The facility consists of 23 acres of Concord grapes, 5 acres of Niagara grapes, and the rest of the land is used for several varieties of wine and table grapes.

Background Information

The grape-processing industry has a large presence along the coastline of Lake Erie in both Pennsylvania and New York. The lake moderates the climate in this area, allowing for grapes to grow. The Lake Erie Regional Grape Research and Extension Center(LERGREC) sits right along the coastline of Lake Erie in North East, Pennsylvania and serves the grape growing industry in a number of ways. Research at the station is dividied into the fields of entomology and plant pathology. This station is also part of a cooperative effort between Penn State and Cornell University(located in Portland, New York) for organizing extension education programs and field days.

The Grape Industry in Pennsylvania

  • The Lake Erie Grape Belt is the second largest grape growing region in the US.
  • This region extends about 50 miles from Chautauqua County in New York, to Erie County in Pennsylvania.
  • The annual income for the 250 commercial vineyards in Pennsylvania is about $15 million.
  • Erie County account for 72% of grape production in Pennsylvania.
  • 12% of Erie's total grape production accounts for wine grapes.
  • Pennsylvania has a total of roughly 250 wineries throughout the state.
  • In Pennsylvania, the wine-making industry, which is the fastest growing segment of the grape industry, has an estimated income of about $200 million.

Grapes at LERGREC

The LERGREC facility consists of 40 acres of land on which several varieties of grapes are grown. 23 acres of this land are reserved for Concords, 5 acres for Niagaras, and the rest are used for several varieties of wine and table grapes. The Concord and Niagara grapes grown at the station are sold to Welch's, and the wine grapes are sold to local wineries in the North East region. The wine grape varieties grown at the station include Chancellor, Chambourcin, Vignoles, Gruner, Riesling and Vidal. The table grapes grown at the station are new and just beginning to produce as of 2018. A few test-vines are also grown in order to monitor and research how they endure the winters of Erie.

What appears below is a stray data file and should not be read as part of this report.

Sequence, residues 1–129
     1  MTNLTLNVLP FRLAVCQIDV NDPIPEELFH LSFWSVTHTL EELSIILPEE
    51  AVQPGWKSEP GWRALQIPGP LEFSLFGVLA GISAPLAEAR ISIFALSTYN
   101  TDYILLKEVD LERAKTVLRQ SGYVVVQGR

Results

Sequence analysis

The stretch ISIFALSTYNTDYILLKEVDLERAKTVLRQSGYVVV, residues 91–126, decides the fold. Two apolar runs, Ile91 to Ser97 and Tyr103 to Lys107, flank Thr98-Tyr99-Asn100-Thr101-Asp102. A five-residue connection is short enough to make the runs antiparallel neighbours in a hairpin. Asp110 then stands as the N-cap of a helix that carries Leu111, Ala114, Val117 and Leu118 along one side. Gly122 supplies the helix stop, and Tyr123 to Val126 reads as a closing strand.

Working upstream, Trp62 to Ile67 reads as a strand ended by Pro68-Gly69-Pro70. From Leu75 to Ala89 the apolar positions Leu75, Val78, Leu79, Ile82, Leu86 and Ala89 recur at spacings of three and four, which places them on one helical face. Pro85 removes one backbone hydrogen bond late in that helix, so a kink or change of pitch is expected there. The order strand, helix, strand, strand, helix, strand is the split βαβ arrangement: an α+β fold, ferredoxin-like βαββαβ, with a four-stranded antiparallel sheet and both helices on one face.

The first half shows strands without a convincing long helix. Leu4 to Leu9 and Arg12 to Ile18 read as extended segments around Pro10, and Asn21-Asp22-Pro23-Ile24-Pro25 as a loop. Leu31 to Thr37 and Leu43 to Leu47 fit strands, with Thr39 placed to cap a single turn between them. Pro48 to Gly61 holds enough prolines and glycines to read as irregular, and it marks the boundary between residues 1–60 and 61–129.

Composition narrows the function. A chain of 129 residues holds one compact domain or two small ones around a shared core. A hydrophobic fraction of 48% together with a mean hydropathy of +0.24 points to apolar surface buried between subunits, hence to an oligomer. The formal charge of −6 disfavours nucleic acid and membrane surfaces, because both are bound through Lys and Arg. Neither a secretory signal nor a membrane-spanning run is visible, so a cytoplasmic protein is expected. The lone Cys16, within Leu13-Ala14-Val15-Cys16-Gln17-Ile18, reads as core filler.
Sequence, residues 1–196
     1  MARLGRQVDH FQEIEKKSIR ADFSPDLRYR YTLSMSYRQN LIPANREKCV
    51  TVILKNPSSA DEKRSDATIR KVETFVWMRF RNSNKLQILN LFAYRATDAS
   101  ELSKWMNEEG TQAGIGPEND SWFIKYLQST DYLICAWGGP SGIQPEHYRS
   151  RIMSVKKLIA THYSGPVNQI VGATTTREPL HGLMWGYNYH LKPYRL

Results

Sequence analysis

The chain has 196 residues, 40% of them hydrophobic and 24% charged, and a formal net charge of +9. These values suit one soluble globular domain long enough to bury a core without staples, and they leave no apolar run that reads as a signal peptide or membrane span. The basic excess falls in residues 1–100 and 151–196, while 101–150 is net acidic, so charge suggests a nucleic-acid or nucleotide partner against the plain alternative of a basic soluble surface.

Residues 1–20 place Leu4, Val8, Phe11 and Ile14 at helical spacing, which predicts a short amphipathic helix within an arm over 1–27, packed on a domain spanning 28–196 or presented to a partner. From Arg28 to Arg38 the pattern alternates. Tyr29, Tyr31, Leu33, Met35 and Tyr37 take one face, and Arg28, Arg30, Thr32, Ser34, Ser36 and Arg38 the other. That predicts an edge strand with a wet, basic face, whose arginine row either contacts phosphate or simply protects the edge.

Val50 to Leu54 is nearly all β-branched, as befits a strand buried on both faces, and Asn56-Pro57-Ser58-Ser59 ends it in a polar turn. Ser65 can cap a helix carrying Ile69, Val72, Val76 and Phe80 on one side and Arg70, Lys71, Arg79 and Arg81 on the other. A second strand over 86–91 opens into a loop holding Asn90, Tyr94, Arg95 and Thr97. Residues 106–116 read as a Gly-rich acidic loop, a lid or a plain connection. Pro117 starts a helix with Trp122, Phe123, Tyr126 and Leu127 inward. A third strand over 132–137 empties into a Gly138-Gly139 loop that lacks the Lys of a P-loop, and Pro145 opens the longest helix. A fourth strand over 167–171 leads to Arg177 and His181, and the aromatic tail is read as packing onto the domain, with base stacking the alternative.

Plant Pathology and Entomology Research

Grape disease management is a crucial factor in any vineyard. Bryan Hed is the head of plant pathology research done at LERGREC. His research consists of exploring, testing, developing and integrating low-impact means of controlling grape diseases. Some common diseases that Brian studies include black rot, powdery mildew, downy mildew, bunch rot and cane and leaf spot.

Management of pests in vineyards is also important for the health and viability of grape vines. Jody Timer is the head of entomology research at LERGREC. Her research focuses on biocontrol of primary vineyard insect pests, as well as conducting efficacy trials with new insecticides. A few common insects found in Lake Erie vineyards include grape berry moth, leafhoppers, rose chafer and grape rootworm. A few invasive species that Jody also studies are spotted wing drosophila, Japanese beetle, brown marmorated stink bug and multicolored Asian lady beetle.